Because the wellness and health of animals is so near to my heart, I found this independent study to be invigorating and easy to dive into.  I found that, as with previous studies, I was (and continue to be) all over the place when researching and reading material.  A common theme for me is the more I learn, the more I find to learn, the more questions I have, in turn, these questions lead me to seek answers, which then lead to more questions, and so the cycle continues.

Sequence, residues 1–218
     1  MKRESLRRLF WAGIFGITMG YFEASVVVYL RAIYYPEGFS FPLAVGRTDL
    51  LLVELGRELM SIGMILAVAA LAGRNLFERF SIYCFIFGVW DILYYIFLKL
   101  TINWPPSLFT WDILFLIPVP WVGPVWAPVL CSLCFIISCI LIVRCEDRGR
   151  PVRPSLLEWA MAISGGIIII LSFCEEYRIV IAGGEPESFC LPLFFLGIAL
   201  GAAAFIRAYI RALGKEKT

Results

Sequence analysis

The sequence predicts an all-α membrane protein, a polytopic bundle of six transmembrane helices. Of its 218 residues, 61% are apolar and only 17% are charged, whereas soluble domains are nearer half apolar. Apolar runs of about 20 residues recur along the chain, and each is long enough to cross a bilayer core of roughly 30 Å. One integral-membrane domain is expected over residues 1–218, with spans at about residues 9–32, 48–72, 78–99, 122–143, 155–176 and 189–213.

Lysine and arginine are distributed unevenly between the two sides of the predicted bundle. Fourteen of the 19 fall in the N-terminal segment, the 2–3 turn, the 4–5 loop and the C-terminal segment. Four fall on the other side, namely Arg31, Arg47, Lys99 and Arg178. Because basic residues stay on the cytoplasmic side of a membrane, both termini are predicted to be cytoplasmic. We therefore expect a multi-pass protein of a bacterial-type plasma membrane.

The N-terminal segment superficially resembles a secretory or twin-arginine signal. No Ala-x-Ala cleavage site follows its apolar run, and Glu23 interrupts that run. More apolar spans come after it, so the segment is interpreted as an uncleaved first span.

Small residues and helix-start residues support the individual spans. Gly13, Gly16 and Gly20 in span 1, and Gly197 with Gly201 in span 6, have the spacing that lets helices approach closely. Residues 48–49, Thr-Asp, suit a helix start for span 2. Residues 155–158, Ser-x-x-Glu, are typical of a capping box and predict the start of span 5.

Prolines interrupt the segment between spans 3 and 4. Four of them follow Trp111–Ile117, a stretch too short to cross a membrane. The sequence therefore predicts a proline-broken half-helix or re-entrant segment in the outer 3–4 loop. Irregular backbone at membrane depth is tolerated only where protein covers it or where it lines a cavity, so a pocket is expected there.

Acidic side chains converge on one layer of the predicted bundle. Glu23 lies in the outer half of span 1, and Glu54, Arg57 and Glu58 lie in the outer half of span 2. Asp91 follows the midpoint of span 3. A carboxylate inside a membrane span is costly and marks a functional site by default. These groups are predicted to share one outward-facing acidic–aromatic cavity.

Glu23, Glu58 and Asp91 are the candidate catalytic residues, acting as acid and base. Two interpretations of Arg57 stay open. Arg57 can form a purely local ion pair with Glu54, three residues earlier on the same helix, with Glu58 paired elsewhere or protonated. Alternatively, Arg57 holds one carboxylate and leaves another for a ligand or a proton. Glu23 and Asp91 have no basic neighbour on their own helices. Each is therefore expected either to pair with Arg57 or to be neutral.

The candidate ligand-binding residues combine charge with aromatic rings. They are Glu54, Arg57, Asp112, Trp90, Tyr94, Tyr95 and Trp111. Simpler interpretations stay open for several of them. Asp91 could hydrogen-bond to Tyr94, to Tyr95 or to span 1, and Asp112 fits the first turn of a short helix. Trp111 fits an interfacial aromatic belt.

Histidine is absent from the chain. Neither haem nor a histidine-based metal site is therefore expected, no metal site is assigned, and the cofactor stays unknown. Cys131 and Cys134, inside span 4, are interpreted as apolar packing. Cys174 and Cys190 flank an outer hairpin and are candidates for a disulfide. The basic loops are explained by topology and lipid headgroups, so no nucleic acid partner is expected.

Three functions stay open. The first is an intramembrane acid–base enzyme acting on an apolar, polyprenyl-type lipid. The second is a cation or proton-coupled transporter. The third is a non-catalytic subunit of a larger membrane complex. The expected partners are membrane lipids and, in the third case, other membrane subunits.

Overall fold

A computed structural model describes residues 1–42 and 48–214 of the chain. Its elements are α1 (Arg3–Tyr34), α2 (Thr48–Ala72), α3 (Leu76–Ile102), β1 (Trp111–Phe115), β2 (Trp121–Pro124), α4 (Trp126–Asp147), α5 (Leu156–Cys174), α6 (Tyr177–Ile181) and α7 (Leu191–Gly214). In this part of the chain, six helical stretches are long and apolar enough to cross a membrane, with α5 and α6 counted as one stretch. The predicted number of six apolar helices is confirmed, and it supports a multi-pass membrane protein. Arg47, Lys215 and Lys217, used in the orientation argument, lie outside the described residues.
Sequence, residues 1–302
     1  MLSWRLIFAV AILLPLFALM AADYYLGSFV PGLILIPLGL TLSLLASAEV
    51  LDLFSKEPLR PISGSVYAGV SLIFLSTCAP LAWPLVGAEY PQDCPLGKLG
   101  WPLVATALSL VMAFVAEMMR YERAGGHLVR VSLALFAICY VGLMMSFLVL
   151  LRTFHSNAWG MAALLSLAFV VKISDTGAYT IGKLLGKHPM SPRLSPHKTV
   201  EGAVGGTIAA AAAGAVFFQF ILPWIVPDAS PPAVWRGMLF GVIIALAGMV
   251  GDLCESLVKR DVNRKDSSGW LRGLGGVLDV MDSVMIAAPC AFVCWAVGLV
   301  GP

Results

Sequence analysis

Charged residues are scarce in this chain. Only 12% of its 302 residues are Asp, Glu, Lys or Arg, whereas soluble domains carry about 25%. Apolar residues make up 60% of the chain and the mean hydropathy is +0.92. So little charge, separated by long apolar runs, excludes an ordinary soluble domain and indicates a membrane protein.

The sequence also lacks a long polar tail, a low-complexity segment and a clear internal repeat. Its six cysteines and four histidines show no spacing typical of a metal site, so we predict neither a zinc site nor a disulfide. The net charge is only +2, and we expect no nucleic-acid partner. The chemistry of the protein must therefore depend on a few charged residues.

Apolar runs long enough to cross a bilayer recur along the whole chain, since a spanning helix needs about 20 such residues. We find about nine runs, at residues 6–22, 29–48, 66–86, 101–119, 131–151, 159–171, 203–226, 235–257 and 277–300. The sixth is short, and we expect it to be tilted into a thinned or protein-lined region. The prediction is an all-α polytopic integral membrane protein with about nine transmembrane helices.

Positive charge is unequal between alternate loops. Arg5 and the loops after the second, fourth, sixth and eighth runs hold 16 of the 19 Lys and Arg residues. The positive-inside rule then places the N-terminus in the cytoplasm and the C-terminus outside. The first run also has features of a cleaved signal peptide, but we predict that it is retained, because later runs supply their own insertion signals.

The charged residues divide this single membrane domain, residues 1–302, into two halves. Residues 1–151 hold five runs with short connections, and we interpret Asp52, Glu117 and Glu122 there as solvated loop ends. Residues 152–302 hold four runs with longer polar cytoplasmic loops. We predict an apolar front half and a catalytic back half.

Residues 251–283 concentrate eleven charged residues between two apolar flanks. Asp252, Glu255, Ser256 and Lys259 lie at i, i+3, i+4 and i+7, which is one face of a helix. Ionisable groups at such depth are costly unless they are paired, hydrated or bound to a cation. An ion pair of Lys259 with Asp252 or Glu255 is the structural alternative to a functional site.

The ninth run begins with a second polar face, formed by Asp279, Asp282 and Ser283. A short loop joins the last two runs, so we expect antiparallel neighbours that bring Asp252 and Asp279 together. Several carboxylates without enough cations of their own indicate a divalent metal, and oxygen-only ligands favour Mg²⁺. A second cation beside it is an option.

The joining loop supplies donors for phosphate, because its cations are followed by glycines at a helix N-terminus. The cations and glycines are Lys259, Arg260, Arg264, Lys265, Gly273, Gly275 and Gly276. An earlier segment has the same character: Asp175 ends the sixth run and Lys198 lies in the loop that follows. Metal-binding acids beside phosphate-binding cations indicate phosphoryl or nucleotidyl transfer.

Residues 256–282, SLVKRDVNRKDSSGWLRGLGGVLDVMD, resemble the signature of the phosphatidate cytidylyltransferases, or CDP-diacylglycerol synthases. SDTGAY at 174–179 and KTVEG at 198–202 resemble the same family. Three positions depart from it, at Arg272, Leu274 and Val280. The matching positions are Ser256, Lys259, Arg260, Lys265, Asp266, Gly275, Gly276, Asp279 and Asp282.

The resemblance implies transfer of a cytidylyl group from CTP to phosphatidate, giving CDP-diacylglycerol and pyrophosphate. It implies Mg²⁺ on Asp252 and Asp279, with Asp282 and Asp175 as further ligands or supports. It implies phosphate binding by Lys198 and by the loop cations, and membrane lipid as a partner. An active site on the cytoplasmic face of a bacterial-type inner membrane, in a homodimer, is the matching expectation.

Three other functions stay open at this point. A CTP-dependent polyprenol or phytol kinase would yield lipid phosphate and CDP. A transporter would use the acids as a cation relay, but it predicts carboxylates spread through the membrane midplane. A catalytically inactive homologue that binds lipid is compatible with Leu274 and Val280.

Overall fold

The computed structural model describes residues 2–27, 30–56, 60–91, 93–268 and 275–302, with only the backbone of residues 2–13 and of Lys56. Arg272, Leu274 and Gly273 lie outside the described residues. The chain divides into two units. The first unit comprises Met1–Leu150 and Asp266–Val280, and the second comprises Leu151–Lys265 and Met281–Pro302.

Something that came up during the course of this Independent Study was an anti-homeopathy move by the Connecticut VMA to the AVMA requesting a resolution to discount homeopathy as ineffective and to be discouraged.  Given what I have learned during this study, should this type of resolution pass, the implications on an ethical, global, and social level may have a negative impact. Many individuals, like me, may become disillusioned and embittered with the AVMA and western medicine. Of course, on the positive side, should this occur, many people may be ready to seek more holistic options and holistic practicing veterinarians.